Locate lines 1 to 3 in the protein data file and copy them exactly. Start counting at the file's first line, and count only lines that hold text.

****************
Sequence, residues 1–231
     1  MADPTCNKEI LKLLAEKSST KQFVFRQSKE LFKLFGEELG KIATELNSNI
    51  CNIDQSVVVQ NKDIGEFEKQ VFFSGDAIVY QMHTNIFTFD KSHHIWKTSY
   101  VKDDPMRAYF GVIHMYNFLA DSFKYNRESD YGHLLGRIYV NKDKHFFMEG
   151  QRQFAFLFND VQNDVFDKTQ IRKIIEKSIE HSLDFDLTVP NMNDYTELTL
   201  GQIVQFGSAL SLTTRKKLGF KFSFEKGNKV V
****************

Sequence, residues 1–231
     1  MADPTCNKEI LKLLAEKSST KQFVFRQSKE LFKLFGEELG KIATELNSNI
    51  CNIDQSVVVQ NKDIGEFEKQ VFFSGDAIVY QMHTNIFTFD KSHHIWKTSY